In fact, it would be interesting to use a coil alone as a truly linear source of magnetic field. Unfortunately, the absence of a ferromagnetic core results in low magnetic fields and therefore Pe becomes too low to be measured with conventional ammeters and voltmeters.

To carry out such a test, both rotation speed and excitation intensity must be fixed, and the power consumed by the motor with each of the discs attached to it must be calculated. Pe is estimated by subtracting from this power the power consumption of the motor alone turning at the same angular speed better, a non-conducting disc equal in size to the conducting ones should have been used, but the difference is negligible.

Eddy Current Brakes

Table 1 shows the results. The angular speed and the excitation intensity were fixed to rpm and 3. Tabulated resistivities were extracted from a general reference [5], and exact coincidence with those of the sample discs cannot be guaranteed, especially in the case of alloys.

As we can see, results for aluminium, copper and brass show a reasonable agreement with equation 1. The case of steel, however, is clearly anomalous because of its ferromagnetic behaviour.

The time variation of the magnetic field applied on every point of the disc results in hysteresis loops creating an additional braking effect superimposed to eddy current torque see, for example, [6]. This is probably the main reason for the high total losses observed in steel. From the above it may be deduced that: As we have seen, our experimental setup allows students to investigate one of the most outstanding aspects of eddy currents, namely their dissipated power.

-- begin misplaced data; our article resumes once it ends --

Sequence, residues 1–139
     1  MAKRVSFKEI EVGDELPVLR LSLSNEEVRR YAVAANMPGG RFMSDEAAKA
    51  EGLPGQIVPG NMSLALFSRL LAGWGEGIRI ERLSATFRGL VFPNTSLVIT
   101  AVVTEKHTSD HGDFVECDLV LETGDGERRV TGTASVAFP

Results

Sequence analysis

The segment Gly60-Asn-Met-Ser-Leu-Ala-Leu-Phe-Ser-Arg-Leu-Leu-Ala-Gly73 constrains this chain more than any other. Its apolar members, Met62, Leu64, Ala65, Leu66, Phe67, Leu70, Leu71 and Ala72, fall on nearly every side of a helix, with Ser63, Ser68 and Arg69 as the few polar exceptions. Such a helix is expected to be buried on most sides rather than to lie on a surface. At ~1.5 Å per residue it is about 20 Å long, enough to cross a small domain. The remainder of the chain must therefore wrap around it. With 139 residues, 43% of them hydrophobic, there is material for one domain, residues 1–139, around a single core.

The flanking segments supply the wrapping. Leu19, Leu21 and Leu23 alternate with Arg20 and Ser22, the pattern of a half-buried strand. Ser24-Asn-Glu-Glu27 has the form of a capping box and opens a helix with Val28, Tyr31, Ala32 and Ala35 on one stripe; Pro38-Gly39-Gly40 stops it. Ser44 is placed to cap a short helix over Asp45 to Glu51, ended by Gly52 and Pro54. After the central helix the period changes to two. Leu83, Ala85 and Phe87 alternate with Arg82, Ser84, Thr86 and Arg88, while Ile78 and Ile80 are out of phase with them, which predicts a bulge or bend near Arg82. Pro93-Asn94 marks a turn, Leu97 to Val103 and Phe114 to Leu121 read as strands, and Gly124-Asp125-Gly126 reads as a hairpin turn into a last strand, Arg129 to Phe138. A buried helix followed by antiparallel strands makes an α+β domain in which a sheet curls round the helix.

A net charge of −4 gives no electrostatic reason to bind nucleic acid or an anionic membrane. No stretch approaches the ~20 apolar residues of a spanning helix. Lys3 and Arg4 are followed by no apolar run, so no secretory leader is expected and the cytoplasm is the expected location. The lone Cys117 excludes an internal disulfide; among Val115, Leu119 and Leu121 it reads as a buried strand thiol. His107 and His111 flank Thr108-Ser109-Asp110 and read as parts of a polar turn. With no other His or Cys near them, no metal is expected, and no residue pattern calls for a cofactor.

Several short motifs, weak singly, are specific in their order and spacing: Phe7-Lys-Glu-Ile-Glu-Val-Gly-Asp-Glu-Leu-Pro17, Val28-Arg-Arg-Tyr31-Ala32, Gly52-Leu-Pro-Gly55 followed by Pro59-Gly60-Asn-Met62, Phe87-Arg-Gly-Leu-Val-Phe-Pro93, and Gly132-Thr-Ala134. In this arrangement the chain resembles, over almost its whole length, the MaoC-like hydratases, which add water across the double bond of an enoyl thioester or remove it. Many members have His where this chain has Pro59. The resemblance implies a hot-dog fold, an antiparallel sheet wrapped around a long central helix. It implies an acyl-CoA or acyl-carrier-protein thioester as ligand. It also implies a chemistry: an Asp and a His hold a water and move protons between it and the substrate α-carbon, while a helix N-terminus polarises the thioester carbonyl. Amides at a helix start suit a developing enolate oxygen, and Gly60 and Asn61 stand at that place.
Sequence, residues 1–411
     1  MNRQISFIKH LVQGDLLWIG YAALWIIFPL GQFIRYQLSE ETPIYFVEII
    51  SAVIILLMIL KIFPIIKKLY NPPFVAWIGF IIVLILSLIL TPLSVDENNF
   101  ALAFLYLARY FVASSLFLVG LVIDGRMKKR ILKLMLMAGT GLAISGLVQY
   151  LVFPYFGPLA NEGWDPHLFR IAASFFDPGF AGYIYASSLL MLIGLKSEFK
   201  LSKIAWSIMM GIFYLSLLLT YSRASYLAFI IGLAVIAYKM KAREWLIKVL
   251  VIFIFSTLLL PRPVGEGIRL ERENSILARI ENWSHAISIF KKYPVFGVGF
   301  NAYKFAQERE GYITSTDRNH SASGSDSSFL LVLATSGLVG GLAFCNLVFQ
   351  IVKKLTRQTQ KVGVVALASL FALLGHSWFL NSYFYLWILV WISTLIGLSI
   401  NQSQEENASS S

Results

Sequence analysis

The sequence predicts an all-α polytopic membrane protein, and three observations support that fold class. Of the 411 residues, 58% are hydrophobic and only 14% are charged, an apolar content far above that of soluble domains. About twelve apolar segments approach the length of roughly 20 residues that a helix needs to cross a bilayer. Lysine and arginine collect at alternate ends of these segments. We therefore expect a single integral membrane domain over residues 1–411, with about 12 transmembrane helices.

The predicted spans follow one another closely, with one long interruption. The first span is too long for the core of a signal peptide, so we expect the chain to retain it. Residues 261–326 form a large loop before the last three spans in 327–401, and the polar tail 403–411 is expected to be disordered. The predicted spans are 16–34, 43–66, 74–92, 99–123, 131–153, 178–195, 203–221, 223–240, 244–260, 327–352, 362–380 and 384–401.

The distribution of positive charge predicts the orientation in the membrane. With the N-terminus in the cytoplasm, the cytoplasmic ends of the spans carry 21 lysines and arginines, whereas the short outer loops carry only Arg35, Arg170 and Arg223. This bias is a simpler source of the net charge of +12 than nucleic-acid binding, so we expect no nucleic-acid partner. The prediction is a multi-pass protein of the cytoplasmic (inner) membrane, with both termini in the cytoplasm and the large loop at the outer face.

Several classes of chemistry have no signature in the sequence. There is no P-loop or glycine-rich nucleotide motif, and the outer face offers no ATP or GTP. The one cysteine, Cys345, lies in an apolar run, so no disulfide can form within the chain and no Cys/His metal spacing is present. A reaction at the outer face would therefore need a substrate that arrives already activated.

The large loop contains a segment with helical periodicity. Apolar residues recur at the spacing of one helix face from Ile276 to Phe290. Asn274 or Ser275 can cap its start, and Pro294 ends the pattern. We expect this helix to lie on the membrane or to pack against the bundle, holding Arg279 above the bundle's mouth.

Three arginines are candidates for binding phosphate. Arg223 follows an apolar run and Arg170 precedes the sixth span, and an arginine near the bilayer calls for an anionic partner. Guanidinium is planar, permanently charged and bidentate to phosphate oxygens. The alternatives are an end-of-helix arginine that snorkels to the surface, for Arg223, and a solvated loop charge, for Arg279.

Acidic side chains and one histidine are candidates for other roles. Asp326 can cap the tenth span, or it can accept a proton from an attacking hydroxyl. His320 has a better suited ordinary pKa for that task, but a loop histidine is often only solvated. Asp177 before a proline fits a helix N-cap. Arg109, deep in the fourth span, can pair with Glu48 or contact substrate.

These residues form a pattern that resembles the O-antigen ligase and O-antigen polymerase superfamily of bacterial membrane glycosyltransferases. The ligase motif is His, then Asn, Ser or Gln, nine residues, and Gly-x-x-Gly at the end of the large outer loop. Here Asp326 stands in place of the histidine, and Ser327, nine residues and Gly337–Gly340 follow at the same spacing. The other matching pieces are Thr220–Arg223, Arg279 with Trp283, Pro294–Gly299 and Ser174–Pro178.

Simple tests to measure Pe and to study its functional dependence on the velocity, the sources of the magnetic field and the sample resistivities have been carried out. The results show a reasonable but not indisputable agreement with theoretical predictions.

Nevertheless the author believes that the experiments deal with concepts, instruments and measurement techniques with high didactic value for the students, regardless of whether the agreement between theory and experiments is good or poor. Flag for inappropriate content. Related titles. Jump to Page. Search inside document. Here, we investigate the potential for this type of frictionless braking and the phenomenon behind this effect.

A typical school math problem involving two trains and distance, rate, and time is so classic that it has become a TV trope. But textbook authors and television writers may need to update some details as new developments in transportation technology emerge. For instance, high-speed commercial trains often travel at an average speed of mph, shaving a lot of time off the journey.

So, future train math problems may need to factor in much higher speeds and use two cities that are farther apart. The Shanghai magnetic levitation train, the fastest commercial high-speed electric train in the world. Image by Andreas Krebs — Own work.

If a traditional train would travel at mph using mechanical brakes, the brakes might not stop it in time — or at all. The faster a train moves, the harder the friction brakes have to work to dissipate the kinetic energy, which means the brakes run a greater risk of wearing out altogether. To combat this, many trains use dynamic braking that reduces wear and tear, but the friction-based components can still fail.